This research was funded by an IPGG Junior Research Chair fellowship and from the IPGG Equipement d’Excellence grant, “Investissements d’avenir,” program ANR-10-EQPX-34 to T.P.F. It was additionally funded by JSPS Kakenhi Grant-in-Aid JP18K14354, project grants from the Astrobiology Center Program of National Institutes of Natural Sciences (NINS) (Grant Numbers AB311021, AB021008), Tokyo Institute of Technology Seed Grant “Tane” 1798, and a Programme Exploration France travel grant from the French Embassy in Japan to T.Z.J.Initial discussions and experiments were supported by travel funding from the Earth-Life Science Institute (ELSI) research interactions committee and a seed grant from the ELSI Origins Network (EON), which was supported by a grant from the John Templeton Foundation. The opinions expressed in this publication are those of the authors and do not necessarily reflect the views of the John Templeton Foundation. The APC was funded by a project grant from the Astrobiology Center Program of National Institutes of Natural Sciences (NINS) (Grant Number AB021008).

Acknowledgments

We thank Yutetsu Kuruma (JAMSTEC) for use of his microscope for some preliminary studies, Gregory P. Smith for DNA synthesis, Philippe Nghe for useful discussions, and Damien Cuvelier for supporting our microscopy setup. T.Z.J. is a researcher at ELSI at Tokyo Institute of Technology, which is supported under the World Premier International Research Center Initiative of the Japan Ministry of Education, Culture, Sports, Science and Technology., and

Conflicts of Interest

The authors declare no conflict of interest.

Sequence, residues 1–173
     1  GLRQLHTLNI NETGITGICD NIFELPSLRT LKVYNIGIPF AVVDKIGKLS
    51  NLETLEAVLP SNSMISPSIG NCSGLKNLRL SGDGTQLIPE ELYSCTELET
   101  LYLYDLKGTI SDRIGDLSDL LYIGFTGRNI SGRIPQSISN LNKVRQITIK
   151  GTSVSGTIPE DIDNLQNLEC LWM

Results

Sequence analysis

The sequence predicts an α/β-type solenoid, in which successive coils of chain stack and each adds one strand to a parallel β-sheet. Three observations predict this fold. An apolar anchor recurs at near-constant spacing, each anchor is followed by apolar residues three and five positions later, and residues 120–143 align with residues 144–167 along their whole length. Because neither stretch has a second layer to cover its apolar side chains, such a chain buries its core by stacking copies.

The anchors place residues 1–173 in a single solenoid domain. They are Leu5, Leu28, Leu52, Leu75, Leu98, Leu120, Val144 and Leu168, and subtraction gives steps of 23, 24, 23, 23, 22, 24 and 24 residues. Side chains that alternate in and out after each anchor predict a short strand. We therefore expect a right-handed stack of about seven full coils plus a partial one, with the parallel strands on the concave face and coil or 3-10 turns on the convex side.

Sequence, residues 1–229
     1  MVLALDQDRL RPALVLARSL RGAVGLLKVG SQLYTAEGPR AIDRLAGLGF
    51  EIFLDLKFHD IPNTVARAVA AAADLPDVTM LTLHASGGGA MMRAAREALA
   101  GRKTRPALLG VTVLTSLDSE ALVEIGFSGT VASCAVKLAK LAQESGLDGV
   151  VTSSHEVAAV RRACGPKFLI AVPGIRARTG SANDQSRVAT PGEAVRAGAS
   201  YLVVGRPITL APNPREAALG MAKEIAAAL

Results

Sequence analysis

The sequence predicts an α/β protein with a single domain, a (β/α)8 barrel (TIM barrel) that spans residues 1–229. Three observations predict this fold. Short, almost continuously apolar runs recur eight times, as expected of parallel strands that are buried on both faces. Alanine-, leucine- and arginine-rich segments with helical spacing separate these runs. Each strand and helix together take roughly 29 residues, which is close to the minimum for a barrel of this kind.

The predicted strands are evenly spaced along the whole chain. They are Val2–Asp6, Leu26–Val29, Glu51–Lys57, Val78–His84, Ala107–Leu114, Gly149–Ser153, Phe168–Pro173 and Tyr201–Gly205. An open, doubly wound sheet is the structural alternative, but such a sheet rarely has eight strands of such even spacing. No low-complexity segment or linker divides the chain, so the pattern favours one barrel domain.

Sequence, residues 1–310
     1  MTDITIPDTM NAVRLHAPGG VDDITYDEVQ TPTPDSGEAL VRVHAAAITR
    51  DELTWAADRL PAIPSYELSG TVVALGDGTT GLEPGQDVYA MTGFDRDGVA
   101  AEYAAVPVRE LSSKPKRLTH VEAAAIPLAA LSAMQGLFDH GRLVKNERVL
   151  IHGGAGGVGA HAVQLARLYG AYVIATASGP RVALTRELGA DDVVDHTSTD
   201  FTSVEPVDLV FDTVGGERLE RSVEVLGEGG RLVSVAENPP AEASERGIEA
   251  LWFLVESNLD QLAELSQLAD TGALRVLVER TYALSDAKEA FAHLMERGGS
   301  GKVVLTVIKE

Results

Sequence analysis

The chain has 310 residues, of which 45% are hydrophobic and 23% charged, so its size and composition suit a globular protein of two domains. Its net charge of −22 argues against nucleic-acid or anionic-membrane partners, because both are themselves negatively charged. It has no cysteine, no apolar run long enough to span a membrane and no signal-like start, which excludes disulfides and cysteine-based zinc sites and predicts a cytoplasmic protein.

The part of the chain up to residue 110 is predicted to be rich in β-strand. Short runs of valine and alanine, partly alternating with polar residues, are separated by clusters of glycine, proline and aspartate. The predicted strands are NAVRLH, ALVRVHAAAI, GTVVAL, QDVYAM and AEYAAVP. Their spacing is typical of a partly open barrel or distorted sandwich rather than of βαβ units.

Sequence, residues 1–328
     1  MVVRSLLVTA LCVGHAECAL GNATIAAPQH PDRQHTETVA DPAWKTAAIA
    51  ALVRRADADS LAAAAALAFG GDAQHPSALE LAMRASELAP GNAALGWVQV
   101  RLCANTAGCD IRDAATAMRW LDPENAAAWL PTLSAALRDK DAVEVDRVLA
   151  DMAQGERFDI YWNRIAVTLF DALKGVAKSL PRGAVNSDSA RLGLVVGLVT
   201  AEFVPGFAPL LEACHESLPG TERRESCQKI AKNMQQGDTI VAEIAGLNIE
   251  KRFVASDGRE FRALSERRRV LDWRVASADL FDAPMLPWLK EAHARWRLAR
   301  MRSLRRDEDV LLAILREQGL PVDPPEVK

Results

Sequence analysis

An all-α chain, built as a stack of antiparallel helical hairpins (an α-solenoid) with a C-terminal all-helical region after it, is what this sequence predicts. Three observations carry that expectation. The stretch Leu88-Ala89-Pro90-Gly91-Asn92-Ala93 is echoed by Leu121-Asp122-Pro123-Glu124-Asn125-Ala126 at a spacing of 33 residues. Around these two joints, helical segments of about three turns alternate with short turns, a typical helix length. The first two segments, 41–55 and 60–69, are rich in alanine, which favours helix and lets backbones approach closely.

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Figure 1. Liquid crystal (LC)-coacervate phase diagram and structure as function of [NaCl]. (A) Mixing of an anionic s-dsDNA 12-mer (reverse Dickerson dodecamer (rDD), 5′-GCGCTTAAGCGC-3′) capable of end-to-end stacking with a 240-residue cationic peptide (poly-L-lysine, PLL) in the presence of a monovalent salt (sodium chloride, NaCl) resulted in assembly of LC-coacervates. (B) Phase diagram of mixtures of rDD and PLL (N = P = 10 mM) as a function of [DNA] and [NaCl]. The initial preparation (DNA = 0.91 mM ~ 3.3 mg/mL) is identified by the vertical grey dashed line and dashed open symbols. Below a critical salt concentration, [NaCl]* (horizontal black dashed line), the system de-mixes in a dense coacervate phase (filled symbols) coexisting with a diluted liquid phase (open symbols). The dense inner coacervate phase shows different degrees of order as function of [NaCl]: isotropic (ISO) at 900 mM NaCl (magenta circle), cholesteric (N*) at 800 mM NaCl (blue triangle), uniaxial columnar (CU) at 700 mM NaCl (red diamond), and higher-order columnar (C2) at 600 mM NaCl (green square). At 1 M NaCl, the system existed as a uniform phase (black cross). The measured DNA concentration (Methods) testifies a ~100/1000-fold DNA enrichment in the dense coacervate phase. Error bars indicate standard mean error. A qualitative binodal line (solid purple line), dividing the diagram in a two-phase-region (purple shading) and a uniphase region (white), was drawn by interpolating the datapoints with a spline. Hypothetical tie lines (horizontal dotted lines) have also been reported. Coacervation is shown to enrich [DNA] from prebiotically plausible regimes to LC enabling and biologically relevant regimes. (CF) Sketches of the inner structure and optical microscopy images of the observed coacervates phases: ISO characterized by optically inactive droplets of disordered liquid DNA-PLL complexes (C), N* characterized by typical fingerprint textures formed by twisted nematic planes of DNA-PLL complexes (D), CU characterized by focal conic structures formed by bending-prone two-dimensional hexagonally ordered DNA-PLL complexes (E), and C2 characterized by more uniform and sharp-edged birefringent domains given by tight hexagonal order of DNA-PLL complexes where bending is suppressed (F). Middle: brightfield transmission optical microscope (BFTOM) image. Right: polarized transmission optical microscopy (PTOM) image. Scale bars are 20 µm.